Healthcare consumerism is a powerful force that can have a huge impact on a company’s bottom-line and on employees’ healthcare experiences and outcomes. As such, encouraging consumerism and helping employees become better consumers should be a serious priority for CFOs at growing businesses. Just remember that:
- Your plan design should allow employees to manage their healthcare costs through HDHPs + HSAs, and also provide them with a range of insurance options
- Engaging employees in their healthcare decisions is the first step in guiding them to become responsible consumers
- Employee education allows employees to make strategic decisions regarding their insurance plans, healthcare, and health behaviors
- Tools and technology such as telehealth, pharmacy savings cards, and enrollment software empowers employees to reduce costs while receiving the care they need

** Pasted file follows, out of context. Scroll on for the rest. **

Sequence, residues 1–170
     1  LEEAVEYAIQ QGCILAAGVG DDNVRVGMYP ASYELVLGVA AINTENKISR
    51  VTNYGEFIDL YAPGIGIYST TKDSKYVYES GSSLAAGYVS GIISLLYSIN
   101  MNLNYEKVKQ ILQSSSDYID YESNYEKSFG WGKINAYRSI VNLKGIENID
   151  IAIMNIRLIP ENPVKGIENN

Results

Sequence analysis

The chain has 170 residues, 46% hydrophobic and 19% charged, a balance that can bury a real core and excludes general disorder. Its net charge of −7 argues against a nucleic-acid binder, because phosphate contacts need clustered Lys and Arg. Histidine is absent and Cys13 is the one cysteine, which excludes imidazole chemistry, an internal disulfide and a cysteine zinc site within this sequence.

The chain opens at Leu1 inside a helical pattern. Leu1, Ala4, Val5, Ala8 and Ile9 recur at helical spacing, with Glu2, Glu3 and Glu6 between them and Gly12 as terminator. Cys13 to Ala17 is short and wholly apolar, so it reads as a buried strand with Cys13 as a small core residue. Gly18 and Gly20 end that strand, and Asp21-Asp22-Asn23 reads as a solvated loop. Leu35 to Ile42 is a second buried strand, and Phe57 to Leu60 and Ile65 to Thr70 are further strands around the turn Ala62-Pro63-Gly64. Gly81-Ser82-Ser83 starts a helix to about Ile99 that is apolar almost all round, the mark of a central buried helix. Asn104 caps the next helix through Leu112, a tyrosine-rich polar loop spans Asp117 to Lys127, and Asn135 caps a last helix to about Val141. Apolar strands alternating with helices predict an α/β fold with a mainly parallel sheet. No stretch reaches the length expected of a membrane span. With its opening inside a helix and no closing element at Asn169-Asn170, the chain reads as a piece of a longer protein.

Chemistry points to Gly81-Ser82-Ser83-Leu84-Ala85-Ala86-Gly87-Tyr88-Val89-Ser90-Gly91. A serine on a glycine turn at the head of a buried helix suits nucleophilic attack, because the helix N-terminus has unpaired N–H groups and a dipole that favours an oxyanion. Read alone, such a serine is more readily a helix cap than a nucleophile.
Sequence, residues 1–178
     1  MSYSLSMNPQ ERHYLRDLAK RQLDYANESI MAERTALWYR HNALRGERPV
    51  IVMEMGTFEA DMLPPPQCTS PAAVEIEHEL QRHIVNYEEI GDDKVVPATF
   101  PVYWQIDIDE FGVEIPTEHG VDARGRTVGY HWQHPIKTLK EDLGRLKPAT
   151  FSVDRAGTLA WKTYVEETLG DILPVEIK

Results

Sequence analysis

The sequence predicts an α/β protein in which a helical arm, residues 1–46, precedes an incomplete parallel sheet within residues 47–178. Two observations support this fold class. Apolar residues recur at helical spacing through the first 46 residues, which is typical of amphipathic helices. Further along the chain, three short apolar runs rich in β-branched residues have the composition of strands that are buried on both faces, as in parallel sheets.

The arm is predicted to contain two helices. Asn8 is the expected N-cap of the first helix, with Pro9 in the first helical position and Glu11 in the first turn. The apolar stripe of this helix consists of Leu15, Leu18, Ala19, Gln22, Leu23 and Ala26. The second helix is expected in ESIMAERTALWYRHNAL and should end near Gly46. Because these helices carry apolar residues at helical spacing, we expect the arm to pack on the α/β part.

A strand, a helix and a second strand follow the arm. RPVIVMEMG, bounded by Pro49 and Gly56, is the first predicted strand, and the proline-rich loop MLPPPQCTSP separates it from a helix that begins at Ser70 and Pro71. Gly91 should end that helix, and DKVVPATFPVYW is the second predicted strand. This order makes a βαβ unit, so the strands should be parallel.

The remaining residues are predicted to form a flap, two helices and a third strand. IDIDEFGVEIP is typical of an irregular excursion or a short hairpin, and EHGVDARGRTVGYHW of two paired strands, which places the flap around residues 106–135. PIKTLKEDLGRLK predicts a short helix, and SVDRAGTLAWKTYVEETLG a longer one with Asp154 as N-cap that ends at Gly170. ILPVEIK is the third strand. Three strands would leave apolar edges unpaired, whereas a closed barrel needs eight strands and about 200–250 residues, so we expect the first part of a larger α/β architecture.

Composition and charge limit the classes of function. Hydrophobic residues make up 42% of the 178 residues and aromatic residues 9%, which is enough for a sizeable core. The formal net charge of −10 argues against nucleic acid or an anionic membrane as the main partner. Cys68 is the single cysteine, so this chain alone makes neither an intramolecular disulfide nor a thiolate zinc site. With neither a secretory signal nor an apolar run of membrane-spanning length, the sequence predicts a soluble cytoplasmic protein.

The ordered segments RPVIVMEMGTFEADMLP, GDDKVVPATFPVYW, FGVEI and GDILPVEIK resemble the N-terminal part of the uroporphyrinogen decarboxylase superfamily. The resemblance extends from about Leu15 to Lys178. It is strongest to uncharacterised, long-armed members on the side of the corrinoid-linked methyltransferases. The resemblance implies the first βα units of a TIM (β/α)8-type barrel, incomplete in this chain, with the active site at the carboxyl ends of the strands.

While healthcare consumerism is an enormously powerful tool to reduce costs, it is best used as part of a broader strategy to reduce healthcare expenses. We will be holding a webinar on how to reduce healthcare costs at your growing business on September 19th at 11:00am CST. Join industry experts including Jack Diamond of Teledoc, Brett Cunningham of CleverRX, and our very own Alex Koglin to learn how to manage your healthcare expenses while providing your employees with the best healthcare possible. Register today!